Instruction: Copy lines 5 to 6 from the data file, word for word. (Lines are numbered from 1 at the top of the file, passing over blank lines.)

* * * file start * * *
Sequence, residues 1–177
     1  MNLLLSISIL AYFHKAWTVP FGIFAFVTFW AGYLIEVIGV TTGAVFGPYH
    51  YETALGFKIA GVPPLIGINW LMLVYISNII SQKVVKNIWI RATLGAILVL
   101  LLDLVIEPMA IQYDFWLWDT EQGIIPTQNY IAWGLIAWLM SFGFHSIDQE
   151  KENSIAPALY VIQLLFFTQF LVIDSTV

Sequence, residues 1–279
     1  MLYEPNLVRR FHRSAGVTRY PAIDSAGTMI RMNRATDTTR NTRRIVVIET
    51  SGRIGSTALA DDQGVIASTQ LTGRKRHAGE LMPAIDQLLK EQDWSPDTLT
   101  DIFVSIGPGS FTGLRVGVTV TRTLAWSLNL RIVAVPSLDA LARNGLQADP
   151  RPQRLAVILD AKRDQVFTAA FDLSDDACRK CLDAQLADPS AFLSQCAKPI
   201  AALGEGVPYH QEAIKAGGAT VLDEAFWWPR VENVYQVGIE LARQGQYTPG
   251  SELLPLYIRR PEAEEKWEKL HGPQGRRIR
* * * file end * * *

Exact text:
   151  KENSIAPALY VIQLLFFTQF LVIDSTV

Sequence, residues 1–279